The bleeding edge of screenwriting and media convergence

March 2000

by Terry Borst & Deborah Todd

filed 24 February 00 Copyright ©2000 alt.screenwriters

Mere hours after the NATO peacekeeping forces depart, a new conflict wells up in Bosnia. Almost half a world away, war breaks out on the Korean peninsula. Soon after, Iraq invades Iran. On each front, the U.S. is forced to get involved. The flare-ups, seemingly unrelated, are in fact the carefully planned triggers of a worldwide crisis — and the bellwethers of a third world war…Sound like the plot for a Hollywood movie?

Well, not exactly. Actually, we’re talking about a war game: conceived by an alphabet soup of intelligence agencies, and scripted by Hollywood talent.

While this war game was under development in Washington, a different crisis simulation scenario (the parties involved insist it isn’t a “war game”, but call it what you will) — code-named “Final Flurry” — was being developed on the West Coast under the joint auspices of the Department of Defense and Paramount Digital Entertainment. Once again, a WGA screenwriter was onboard for design and scripting of the interactive simulation.

Rick Blackwood — who previously co-wrote the TV movie Dead Before Dawn and produced several award-winning PBS documentaries — served as the project designer, writer and creative director for the D.C.-based Intelligence, Surveillance, and Reconnaissance Symposium (ISR). According to Blackwood, the genesis for the ISR was the shootdown of an American pilot over Bosnia in the early ’90s. As the recovery operation progressed, Admiral Bill Owens (Vice-Chairman of the Joint Chiefs of Staff) realized that while the U.S. had the greatest Intelligence system in the history of the world, “nobody really understood how it all worked together!”

Owens handed the problem off to then JCS Deputy Director of Intelligence, Admiral Tom Wilson, who envisioned using Hollywood multimedia skills to create a war game teaching tool for current and future decision makers — and began assembling a team to execute it. Eventually, Blackwood came on board for scripting duties.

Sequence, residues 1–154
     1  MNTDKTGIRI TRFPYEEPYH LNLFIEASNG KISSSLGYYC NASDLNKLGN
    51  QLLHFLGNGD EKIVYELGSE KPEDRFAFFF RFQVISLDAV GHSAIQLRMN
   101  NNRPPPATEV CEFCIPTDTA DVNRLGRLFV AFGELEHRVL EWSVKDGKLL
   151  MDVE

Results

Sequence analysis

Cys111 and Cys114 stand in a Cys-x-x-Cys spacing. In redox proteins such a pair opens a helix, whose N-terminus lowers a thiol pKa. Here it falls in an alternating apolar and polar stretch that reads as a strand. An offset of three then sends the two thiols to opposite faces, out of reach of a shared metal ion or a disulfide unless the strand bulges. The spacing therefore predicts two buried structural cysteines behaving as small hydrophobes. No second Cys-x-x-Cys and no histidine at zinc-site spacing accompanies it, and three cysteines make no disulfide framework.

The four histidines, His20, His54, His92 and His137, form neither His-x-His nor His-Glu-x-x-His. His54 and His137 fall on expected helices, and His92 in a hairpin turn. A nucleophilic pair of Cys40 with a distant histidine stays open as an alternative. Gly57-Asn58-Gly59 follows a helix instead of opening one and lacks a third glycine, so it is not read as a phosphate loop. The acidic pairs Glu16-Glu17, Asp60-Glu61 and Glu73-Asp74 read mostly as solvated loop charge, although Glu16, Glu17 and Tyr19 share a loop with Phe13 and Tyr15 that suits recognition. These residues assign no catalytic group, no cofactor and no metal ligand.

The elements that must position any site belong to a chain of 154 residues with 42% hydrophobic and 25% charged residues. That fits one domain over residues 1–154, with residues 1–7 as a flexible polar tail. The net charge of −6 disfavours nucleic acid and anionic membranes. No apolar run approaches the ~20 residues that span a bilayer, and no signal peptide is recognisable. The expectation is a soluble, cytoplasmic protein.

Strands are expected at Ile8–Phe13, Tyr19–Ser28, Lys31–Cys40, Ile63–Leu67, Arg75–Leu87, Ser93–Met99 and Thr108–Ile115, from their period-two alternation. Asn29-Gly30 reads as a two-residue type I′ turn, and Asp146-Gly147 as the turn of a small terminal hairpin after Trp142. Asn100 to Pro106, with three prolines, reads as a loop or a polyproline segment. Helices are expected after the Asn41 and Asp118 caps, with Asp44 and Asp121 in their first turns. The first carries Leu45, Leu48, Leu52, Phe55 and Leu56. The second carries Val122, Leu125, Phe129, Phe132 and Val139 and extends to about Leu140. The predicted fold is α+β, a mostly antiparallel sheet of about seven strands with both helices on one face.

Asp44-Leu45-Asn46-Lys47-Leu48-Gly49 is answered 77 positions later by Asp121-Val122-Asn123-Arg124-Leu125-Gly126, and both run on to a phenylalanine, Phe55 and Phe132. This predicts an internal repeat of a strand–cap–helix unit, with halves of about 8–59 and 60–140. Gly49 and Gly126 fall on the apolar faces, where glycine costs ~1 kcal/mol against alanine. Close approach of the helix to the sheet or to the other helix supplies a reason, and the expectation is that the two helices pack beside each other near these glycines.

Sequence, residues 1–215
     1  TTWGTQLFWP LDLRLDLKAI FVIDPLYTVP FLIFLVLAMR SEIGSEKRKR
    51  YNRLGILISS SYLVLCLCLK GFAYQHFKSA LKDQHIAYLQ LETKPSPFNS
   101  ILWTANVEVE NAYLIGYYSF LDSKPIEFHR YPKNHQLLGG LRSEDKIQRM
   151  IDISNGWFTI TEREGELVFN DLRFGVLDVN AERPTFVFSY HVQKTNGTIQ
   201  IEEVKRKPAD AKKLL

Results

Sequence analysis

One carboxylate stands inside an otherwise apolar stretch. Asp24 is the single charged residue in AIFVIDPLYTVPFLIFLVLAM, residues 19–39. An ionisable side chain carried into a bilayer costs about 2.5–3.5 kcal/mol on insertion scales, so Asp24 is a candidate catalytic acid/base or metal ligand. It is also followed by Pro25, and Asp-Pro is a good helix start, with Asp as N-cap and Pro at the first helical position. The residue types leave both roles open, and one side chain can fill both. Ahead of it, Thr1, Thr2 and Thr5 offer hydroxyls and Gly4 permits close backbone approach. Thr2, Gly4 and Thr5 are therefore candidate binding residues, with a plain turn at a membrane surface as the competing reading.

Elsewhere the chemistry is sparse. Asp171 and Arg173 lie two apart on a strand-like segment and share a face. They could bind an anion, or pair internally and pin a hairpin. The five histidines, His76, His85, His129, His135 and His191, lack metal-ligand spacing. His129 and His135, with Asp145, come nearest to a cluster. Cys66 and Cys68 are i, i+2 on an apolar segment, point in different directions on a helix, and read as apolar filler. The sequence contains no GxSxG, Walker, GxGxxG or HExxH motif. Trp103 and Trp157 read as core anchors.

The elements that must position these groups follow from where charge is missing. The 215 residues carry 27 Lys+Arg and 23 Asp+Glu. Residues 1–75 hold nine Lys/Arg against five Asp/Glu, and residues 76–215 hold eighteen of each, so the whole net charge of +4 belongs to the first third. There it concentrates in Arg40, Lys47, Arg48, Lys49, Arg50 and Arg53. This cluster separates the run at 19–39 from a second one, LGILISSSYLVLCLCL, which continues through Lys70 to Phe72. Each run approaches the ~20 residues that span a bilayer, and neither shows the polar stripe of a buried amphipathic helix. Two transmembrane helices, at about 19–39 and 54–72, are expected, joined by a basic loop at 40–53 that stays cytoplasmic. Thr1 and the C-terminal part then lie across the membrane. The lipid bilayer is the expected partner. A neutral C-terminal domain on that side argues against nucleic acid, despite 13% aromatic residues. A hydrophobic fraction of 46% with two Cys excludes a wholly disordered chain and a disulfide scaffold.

“The finished 6-hour scenario looked much like a TV script,” Blackwood says, “except I wrote for multiple (i.e., simultaneous) screens, and interactive segments.” Budgeting, scheduling, shooting and editing was handled much like any Hollywood production — except the participants had to have Top Secret security clearances.

The ISR consisted of interlocking multimedia modules that branched at critical decision points. For example, Blackwood says, “At one point in the game, a player might decide — given extremely limited resources — to commit most of his satellite and other intelligence assets to looking for Scud missiles in Iran. This choice has serious consequences: the student/player then has only limited assets to monitor movements of air traffic from Russia to a Nuclear Weapons Development Facility in North Korea.”

The interactivity accelerated the audience immersion. Blackwood proudly notes that “when they play the game, students often actually yell at the screen during interactive; they call back and forth to one another for help; they are really engaged.”

While Blackwood had not written for interactive media before, he says he “took to this. It was fun.” And on the alleged dividing line between traditional and interactive narrative, he argues: “Traditional linear structure isn’t so linear. It is exactly the fact that other things could happen that makes us sit on the edge of our seats to watch wonderful films like To Kill a Mockingbird or The Sixth Sense.”

Simultaneous screens doling out narrative and information, however, were a significant challenge. Blackwood admits: “We didn’t know whether anybody could watch multiple screens for six hours without being driven crazy. [But] as it turned out, the multiple screens made the experience of the Symposium really exciting: as the player watched a satellite in low earth orbit approach and prepare to interrogate a target, he/she would see on a second screen, amidst a flood of refugees, heavy trucks that could easily be mistaken by targeteers for armored vehicles.”

Blackwood often used the second screen to “underscore in human dramatic terms the technical ‘geek-speak’ the player has struggled with from other ‘school-house’ efforts to teach him complex intelligence systems…translating the almost clinical sense of ‘video game strike’ we read about in techno- war novels into the uncertain process, often shrouded in fog, which the decision maker faces when he tries to use force to solve problems.”

In the long run, Blackwood says, “Multiple screens simulate the real nature of war. A lot happens at the same time.” And this helped achieve the ultimate aim of the Symposium: “to assault, and change, the way players think.” On a more nuts-and-bolts level, “generals and admirals understand much more clearly how satellites work, how communications systems work, and, perhaps even more importantly, how processes break down and how the best efforts can fail.”

Having sailed through its shakedown cruise, the Symposium Blackwood scripted is now being presented regularly to War College students, ascending command officers, 4-star military staffs, and even members of Congress. Blackwood is already working on a second war game Symposium, and the ISR project team recently earned the high honor of the CIA’s Distinguished Unit Award.

Meanwhile, 3000 miles away, an entirely different collaboration had commenced between the Entertainment community and the military. That story, next month in this space…

Written by tborst

February 24, 2000 at 5:50 pm

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